Since its inception, the Internet has never ceased growing, being filled with more and more content every minute. Unfortunately, most of this content is garbage. Propaganda, misinformation, and pure rumor clutters many search results and sorting through that digital detritus can present a real challenge.
In response, Google has devised a potential fix to the problem of establishing truth on the internet: ranking algorithms based on the accuracy of a website’s content.
The search engine giant currently considers the number of incoming links to a webpage to be the gold standard for establishing its reputation for quality. The more links that lead to a page, the higher it will rank in their search results. However, just because something is popular doesn’t mean it is high quality. With Google’s current ranking system, a website full of disinformation can also rise up the ranks if enough people link to it.
Google has tasked a dedicated research team to adapt their current algorithm to account for and measure the factual accuracy of a page instead of just its popularity across the web. Rather than count only the incoming links, the new system (which is not yet live) would cross-reference and tally the number of factually incorrect items on the page. “A source that has few false facts is considered to be trustworthy,” the team says. A score for the page, called its “Knowledge Based Trust” score, is then computed.
How does Google separate the facts from so much fiction? Well, being one of the largest online resources of information on the web has its advantages. Google’s truth-seeking algorithm works by tapping into the Knowledge Vault, a vast store of information that Google has culled from the internet; facts virtually everyone agrees constitute a reasonable basis for establishing verifiable truth. Under this system, pages containing verifiably factual content will rise in the rankings, while those containing contradictory information will be demoted.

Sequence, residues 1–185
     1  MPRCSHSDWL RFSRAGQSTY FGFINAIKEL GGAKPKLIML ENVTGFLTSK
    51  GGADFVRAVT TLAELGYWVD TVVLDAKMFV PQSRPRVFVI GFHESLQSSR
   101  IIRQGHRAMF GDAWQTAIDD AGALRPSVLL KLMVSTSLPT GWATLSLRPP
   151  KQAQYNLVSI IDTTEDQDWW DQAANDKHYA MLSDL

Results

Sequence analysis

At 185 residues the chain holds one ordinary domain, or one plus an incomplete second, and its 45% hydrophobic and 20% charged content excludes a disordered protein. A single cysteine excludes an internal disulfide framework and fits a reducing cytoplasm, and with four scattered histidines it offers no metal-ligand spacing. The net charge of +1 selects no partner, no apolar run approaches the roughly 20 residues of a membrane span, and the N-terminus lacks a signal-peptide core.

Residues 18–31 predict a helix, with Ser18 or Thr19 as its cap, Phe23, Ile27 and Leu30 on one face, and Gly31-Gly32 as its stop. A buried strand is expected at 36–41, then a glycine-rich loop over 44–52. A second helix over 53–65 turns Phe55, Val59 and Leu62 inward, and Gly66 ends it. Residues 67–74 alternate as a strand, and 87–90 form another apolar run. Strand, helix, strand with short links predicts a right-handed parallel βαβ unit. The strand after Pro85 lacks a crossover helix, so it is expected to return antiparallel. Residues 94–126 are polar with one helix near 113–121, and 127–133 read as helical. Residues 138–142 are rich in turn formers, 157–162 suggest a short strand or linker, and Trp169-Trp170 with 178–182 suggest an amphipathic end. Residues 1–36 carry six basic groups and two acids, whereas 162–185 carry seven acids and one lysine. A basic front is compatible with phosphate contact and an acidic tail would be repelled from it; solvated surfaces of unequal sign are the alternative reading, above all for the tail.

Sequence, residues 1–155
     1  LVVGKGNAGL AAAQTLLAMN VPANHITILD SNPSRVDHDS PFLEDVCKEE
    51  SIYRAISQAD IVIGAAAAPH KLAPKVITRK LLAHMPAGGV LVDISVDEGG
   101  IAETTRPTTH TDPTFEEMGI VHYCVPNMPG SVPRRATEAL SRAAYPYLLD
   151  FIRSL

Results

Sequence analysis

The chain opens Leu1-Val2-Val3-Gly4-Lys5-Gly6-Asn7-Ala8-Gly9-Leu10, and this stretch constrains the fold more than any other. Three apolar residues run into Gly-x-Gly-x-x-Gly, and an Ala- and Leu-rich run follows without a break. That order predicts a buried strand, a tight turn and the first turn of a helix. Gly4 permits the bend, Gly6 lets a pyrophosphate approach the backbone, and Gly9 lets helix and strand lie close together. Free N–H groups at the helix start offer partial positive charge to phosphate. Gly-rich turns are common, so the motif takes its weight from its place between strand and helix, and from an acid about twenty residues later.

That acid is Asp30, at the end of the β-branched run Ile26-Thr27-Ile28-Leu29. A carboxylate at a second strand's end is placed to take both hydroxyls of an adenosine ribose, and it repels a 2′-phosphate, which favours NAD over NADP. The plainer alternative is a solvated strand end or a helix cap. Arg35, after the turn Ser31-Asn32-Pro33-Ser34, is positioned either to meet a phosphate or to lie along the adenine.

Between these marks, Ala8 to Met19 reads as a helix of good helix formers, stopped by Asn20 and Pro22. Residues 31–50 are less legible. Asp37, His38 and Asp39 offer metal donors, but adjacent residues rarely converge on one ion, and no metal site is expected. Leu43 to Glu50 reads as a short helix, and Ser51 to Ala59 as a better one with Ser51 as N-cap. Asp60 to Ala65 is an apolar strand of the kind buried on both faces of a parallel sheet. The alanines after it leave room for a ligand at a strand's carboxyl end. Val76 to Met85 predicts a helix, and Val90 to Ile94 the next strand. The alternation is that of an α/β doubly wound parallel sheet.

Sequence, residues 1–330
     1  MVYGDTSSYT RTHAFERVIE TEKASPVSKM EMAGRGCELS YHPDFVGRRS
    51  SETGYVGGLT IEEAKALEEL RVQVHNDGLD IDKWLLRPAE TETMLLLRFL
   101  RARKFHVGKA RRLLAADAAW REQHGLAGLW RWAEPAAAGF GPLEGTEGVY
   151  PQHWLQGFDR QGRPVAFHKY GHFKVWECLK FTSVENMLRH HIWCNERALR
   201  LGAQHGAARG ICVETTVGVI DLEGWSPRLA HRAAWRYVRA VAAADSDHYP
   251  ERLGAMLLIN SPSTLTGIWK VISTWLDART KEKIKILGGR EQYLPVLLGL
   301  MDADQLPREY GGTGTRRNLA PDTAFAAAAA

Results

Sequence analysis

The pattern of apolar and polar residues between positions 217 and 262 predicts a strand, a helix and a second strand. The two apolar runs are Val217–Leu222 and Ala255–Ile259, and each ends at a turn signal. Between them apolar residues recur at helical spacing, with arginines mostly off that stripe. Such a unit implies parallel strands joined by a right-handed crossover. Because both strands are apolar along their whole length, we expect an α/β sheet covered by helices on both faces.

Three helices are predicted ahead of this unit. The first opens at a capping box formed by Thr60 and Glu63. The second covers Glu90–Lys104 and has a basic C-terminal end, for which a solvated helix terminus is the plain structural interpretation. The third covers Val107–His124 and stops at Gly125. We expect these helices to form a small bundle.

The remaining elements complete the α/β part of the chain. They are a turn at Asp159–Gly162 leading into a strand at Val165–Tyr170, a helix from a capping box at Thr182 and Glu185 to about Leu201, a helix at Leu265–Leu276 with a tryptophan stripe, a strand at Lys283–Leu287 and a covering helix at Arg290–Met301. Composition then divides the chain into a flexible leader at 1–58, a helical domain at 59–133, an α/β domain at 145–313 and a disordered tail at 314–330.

There are apps already available to help users uncover the truth. Emergent, a project from the Tow Center for Digital Journalism at Columbia University, investigates content found on various websites, then verifies or rebuts that content by cross-referencing with other, what they consider to be reliable, sources. LazyTruth is a browser extension which will filter out known fake and hoax emails that continuously re-emerge.
Matt Stembeck, LazyTruth developer and director of civic media at Microsoft New York, wants to develop software that will make information that has been verified by fact-checking sites such as Snopes, PolitiFact and FactCheck.org, easily accessible to everyone. Tools like this are useful online, but challenging the erroneous beliefs underpinning that information is harder. “How do you correct people’s misconceptions? People get very defensive,” Stempeck says. “If they’re searching for the answer on Google they might be in a much more receptive state.”